Thursday, January 12, 2006

A 'sick sideshow,' stare decisis revisited

Ann Coulter:
For fun, we ought to replace all the Republicans on the Senate Judiciary Committee with "American Idol" contestants (assuming they wouldn't object to serving on a committee that includes a degenerate like Teddy Kennedy). Democrats would still not be able to persuade a single normal American that Sam Alito is "out of the mainstream."

Indeed, it's gone very well for Judge Samuel Alito. Of course, the baseless attacks of certain senators have gone way too far, clearly exemplifying the sorry state of today's Democratic Party. And while pathetic, the Dems' shameful behavior is very hurtful to some (Alito's wife, for instance, broke into tears yesterday) and offensive to many (apparently everyone who knows Judge Alito). Paul Zummo at Confirm Them says that the hearings have "become a sick sideshow all for the glorification of people who aren’t worthy to lick Samuel Alito’s shoes." Strong, but probably true.

Meanwhile, Sen. Brownback gave an impressive presentation yesterday on why Roe v. Wade should be overturned.

Plus, Terence Jeffrey wrote an excellent column yesterday on stare decisis, which I spent a lot of time on in a recent post. " How many times does someone have to repeat a falsehood before it becomes true?" Jeffrey asks. Of course, a falsehood never becomes true. He continues:
Now, the confirmation hearings for Associate Justice-nominee Samuel Alito, demonstrate that for Senate Judiciary Chairman Arlen Specter there is a second question that must be considered when it is indeed the Supreme Court that has repeatedly declared a falsehood.

The question is: How many times must a majority of the court repeat the falsehood before it becomes binding on all future justices?


The falsehood repeated by the Supreme Court that Specter would like to preserve is not that lead is gold. It is that the 14th Amendment created a right to kill an unborn child. This so-called “right” was first discovered by seven members of the Supreme Court in the 1973 Roe v. Wade decision. It was immediately exposed as a falsehood by the late William Rehnquist, then an associate justice, who pointed out in a dissent that the abortion-limiting laws of 21 states, including the Texas law specifically addressed in Roe, had been in force before ratification of the 14th Amendment and had remained in force for more than a hundred years after ratification.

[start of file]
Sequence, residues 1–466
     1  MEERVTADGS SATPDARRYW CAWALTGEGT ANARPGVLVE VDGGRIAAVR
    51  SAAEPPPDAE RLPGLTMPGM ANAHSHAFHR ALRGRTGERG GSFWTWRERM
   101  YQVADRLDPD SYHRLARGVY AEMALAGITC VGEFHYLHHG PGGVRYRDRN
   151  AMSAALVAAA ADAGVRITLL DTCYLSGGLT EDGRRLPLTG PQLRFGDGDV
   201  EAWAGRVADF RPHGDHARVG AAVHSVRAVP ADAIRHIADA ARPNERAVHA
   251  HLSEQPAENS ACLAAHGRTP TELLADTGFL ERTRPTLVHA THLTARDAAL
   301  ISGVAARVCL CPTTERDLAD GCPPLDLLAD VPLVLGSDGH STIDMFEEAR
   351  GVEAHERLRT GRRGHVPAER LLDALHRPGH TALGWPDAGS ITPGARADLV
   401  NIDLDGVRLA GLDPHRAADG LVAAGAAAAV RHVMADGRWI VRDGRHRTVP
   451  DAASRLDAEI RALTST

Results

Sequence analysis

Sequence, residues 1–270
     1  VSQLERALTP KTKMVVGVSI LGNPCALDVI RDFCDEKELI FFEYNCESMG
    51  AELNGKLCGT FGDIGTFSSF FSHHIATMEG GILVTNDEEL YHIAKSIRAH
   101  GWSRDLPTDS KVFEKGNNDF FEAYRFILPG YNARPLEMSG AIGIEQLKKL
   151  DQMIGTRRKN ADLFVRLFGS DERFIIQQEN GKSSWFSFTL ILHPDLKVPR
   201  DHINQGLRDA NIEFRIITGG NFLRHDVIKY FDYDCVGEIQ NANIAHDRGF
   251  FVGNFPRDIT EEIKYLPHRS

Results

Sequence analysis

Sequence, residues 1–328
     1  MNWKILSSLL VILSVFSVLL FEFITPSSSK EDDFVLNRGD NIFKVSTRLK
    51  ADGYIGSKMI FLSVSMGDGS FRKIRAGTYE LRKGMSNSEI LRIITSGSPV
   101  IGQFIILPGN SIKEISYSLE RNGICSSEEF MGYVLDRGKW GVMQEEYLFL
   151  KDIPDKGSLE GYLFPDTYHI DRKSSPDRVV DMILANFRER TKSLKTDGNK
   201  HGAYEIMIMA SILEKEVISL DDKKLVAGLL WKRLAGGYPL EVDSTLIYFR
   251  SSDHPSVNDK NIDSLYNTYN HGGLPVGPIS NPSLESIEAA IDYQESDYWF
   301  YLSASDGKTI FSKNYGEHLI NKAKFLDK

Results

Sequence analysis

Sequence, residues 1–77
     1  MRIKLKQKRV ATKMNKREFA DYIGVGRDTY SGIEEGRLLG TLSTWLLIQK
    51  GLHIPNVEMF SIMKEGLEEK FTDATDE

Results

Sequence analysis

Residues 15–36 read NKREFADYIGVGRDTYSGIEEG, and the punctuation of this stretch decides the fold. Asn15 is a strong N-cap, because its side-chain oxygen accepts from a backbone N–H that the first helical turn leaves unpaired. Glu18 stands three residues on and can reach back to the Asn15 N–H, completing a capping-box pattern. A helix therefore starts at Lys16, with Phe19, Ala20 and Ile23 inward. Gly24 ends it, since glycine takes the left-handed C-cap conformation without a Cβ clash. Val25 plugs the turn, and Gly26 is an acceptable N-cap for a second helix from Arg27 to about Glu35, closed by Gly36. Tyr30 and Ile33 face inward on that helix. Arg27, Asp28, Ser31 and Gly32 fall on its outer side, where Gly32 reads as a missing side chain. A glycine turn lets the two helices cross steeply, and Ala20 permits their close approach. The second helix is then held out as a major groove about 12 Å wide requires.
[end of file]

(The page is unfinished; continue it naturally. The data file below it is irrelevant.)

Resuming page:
The main question, it seems, is whether "stability" is more important than being constitutional. The majority in Casey said just that:
Specter quoted a remarkably cynical statement Justices O’Connor, Kennedy and Souter made in Casey. “After nearly 20 years of litigation in Roe’s wake,” they wrote, “we are satisfied that the immediate question is not the soundness of Roe’s resolution but the precedential force that must be accorded its holding.”

In his hearings, Judge Alito has, disturbingly, spoken of something similar - a two-step process of first looking at stare decisis and the value of precedent, and then, if necessary, reevaluating the actual issue.

But a judge's ideal method seems obvious to me: If a past decision is clearly incorrect (e.g., Roe), one should vote to overturn it. If it is not clear, one should - according to stare decisis - let the original ruling stand. But the Constitution always comes first. After all, that's the document a justice swears to uphold.

Update: Good commentary on the hearings:

Liberal Former Alito Clerk: Don't "F" Alito - "By opposing Alito, my fellow liberals and I run the real danger of shooting ourselves in our own left foot."
Dems Sinking to New Low - "In the Alito confirmation hearings, Senate Democrats on the Judiciary Committee have forsaken facts and truth in the name of political victory."
Who has an agenda?
Shooting Blanks at Alito
In the Alito confirmation, it all comes down to ideology
Judging the judge's judges

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